National Sleep Awareness Week


SMH Celebrates National Sleep Awareness Week

This year, National Sleep Awareness Week takes place March 2–8, one week before Americans lose an hour of sleep to daylight savings time. It is an opportunity for us to stop and think about our sleep habits, realize how much they impact our well-being, and take a step towards improving them. The week begins with the release of the National Sleep Foundation's (NSF) Sleep in America poll, and ends with the return to Daylight Saving time. In years past, the polls have addressed Sleep in the Modern Family, Transportation Workers and Sleep, and Adult Sleep Habits, among others.

The Sleep Disorders Center at Saline Memorial Hospital has been improving the sleep quality of Saline county residents for over 15 years, and joins the NSF in promoting healthy sleep and improved overall health. A good night’s sleep is the foundation of a healthy body and mind, but it is not all about the amount of sleep that you get, but also the quality of sleep. As an adult, you may be sleeping the recommended 7-9 hours per night, but one or more sleep disorders may be interfering with the quality of sleep you are really getting. These sleep disorders may include sleep apnea, restless leg syndrome, insomnia, or any of the other 80 disorders disturbing your slumber.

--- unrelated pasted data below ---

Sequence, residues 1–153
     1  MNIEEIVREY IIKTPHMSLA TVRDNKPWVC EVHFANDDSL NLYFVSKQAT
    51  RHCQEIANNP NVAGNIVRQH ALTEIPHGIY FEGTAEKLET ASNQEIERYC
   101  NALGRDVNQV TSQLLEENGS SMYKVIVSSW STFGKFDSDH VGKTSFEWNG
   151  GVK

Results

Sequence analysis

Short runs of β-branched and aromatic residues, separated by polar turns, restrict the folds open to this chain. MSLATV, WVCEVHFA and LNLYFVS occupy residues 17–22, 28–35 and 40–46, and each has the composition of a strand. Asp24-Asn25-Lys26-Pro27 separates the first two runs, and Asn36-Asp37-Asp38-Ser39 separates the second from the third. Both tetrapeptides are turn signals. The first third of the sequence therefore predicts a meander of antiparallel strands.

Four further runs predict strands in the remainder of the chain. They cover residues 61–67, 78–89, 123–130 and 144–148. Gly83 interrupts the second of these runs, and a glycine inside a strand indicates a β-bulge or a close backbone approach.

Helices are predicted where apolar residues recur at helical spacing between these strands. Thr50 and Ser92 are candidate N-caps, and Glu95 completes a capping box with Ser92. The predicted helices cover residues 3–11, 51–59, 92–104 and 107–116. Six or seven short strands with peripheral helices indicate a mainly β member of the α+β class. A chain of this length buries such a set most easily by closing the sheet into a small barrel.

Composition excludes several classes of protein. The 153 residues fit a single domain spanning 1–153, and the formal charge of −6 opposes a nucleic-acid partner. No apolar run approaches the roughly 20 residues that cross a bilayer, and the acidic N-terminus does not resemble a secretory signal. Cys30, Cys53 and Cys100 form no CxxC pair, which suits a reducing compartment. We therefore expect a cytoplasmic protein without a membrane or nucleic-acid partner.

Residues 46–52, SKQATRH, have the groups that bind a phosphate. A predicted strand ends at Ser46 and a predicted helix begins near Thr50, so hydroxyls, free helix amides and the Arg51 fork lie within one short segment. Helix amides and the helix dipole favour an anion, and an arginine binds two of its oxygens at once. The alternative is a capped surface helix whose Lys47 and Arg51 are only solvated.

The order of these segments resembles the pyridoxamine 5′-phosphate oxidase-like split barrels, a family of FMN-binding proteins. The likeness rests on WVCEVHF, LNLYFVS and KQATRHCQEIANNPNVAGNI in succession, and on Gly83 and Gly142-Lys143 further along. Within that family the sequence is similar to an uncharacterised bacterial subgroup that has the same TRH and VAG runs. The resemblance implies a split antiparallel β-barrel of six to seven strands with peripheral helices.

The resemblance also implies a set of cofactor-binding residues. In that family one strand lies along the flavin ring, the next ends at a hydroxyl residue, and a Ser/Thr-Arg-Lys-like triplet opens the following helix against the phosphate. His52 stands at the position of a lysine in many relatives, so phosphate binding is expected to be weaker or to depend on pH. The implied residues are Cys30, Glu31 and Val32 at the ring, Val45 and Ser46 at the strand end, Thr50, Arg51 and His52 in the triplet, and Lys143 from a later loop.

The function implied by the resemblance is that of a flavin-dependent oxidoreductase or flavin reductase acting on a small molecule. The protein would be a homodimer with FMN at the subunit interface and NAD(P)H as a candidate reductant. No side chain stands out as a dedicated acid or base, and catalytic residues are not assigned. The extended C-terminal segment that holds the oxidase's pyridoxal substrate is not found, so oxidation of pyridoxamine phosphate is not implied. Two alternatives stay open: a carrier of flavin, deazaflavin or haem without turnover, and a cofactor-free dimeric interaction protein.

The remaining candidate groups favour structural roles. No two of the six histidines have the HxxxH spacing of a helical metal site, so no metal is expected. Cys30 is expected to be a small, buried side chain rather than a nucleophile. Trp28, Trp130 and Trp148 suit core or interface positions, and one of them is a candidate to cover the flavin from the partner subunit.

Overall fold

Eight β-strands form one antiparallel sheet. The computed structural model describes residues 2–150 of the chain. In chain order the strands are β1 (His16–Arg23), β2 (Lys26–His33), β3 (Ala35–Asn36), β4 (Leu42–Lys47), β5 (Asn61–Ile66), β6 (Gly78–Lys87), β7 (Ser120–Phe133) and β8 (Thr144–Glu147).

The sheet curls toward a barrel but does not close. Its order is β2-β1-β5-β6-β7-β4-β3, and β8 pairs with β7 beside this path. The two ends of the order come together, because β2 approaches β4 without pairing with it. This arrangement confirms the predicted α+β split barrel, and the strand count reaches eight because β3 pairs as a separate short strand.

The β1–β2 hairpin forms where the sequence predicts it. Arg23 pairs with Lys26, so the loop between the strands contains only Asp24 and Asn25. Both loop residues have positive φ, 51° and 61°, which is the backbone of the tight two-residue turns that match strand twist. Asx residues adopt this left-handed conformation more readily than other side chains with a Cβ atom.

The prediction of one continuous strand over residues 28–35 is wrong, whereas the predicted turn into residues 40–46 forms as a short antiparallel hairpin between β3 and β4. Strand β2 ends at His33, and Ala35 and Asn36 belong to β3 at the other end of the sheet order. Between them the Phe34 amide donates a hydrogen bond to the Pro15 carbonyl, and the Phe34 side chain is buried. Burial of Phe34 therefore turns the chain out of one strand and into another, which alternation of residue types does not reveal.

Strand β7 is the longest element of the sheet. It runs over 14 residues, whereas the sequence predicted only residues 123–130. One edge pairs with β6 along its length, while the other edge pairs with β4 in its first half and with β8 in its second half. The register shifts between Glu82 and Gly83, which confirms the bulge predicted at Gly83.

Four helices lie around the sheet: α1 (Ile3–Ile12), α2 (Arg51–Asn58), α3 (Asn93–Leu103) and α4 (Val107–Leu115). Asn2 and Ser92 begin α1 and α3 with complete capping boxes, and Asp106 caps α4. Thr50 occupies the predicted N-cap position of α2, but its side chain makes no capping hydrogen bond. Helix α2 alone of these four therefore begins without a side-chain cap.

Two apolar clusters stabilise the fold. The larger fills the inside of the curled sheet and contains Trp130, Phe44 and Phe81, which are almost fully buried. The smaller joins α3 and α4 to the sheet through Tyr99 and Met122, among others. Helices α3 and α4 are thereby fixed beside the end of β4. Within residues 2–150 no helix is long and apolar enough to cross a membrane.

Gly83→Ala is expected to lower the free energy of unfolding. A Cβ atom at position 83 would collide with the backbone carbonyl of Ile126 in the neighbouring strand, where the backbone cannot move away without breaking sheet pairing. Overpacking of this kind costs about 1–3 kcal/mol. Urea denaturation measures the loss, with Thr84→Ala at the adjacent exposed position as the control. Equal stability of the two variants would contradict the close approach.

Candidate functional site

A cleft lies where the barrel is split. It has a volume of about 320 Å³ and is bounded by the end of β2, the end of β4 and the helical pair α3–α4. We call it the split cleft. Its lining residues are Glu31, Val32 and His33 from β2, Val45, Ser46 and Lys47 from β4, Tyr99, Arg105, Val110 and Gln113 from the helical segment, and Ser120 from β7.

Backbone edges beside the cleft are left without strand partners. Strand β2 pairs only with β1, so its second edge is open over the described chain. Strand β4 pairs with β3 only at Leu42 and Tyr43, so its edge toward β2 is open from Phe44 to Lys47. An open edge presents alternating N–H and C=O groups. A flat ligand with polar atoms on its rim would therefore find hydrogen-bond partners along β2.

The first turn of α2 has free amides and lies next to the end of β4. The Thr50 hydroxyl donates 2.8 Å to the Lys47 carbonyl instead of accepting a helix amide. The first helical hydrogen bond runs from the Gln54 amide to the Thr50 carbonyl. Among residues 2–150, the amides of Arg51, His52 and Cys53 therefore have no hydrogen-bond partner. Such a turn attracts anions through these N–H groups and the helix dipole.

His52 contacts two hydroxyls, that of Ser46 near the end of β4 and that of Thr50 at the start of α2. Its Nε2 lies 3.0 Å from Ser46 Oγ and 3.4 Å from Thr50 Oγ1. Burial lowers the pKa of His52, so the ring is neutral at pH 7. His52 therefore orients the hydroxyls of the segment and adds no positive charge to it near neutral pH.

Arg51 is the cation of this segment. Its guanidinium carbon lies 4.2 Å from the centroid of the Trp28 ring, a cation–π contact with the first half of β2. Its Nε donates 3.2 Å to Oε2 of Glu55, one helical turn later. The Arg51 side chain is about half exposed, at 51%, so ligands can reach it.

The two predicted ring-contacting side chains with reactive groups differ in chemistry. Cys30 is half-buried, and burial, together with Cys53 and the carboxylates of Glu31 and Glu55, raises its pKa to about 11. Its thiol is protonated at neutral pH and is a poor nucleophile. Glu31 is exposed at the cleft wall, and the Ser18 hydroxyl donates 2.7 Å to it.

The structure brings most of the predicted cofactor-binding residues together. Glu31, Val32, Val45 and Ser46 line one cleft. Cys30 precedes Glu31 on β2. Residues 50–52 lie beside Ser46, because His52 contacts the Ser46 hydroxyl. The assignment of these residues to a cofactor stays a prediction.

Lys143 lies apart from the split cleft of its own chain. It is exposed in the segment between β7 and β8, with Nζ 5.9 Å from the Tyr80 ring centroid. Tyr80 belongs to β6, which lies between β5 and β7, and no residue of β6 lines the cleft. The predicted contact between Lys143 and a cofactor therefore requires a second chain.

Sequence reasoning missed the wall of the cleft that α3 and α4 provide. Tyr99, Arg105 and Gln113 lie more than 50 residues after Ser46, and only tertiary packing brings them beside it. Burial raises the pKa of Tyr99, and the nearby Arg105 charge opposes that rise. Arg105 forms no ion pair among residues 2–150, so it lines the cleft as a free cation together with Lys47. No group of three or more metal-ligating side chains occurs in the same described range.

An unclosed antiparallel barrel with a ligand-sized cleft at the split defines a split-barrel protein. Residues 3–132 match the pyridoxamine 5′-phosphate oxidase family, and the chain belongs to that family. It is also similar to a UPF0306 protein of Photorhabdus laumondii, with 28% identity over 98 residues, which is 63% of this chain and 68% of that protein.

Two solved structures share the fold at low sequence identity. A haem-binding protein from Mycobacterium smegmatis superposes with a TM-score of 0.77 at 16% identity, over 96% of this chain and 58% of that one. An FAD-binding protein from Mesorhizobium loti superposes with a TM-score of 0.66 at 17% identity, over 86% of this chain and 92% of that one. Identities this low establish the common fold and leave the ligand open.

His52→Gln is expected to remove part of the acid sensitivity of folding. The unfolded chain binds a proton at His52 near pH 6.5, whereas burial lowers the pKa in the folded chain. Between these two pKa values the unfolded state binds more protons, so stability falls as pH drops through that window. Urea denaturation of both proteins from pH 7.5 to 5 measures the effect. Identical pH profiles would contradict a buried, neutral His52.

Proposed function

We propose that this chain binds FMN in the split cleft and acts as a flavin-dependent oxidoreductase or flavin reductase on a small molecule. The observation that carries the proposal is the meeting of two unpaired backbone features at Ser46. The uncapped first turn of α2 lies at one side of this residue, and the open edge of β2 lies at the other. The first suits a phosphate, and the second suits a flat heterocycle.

The National Sleep Foundation's mission is to improve health, safety, and well-being through sleep awareness and education, and to encourage individuals to seek help and not be afraid to speak up. The foundation has found that 37% of adults admit to sleeping less than 7 hours, and that many Americans freely admit they drive when they are sleepy. This week is dedicated to raising awareness of the potential safety dangers associated with drowsy driving, as well as sharing advice and tips for better sleep.

One of the issues addressed frequently by the NSF is sleep deprivation as it pertains to health and safety. Countless studies have proven that sleeping less than 6 hours, whatever the reason, leads to:

  • A nearly 50% higher chance of heart disease or heart attack
  • Increasing your chance of stroke by 400%
  • A 30% higher chance of becoming obese
  • a four times greater risk of an automobile accident
  • having insulin resistance (a risk factor for diabetes), and has been linked to osteoporosis, cancer and a considerably shortened life span

And if the reason for decreased sleep or decreased quality of sleep is sleep apnea (a disorder in which you stop breathing repeatedly in your sleep usually associated with snoring), add twice as likely to have high blood pressure to the list above.

If you would like more information on how to get a better night’s sleep, or if you suspect you may have a sleep disorder that is disrupting your sleep and health, please contact Saline Memorial Hospital. You can call the Sleep Disorders Center at (501) 776-6197, or visit us at And please, have a good night and sweet dreams!  

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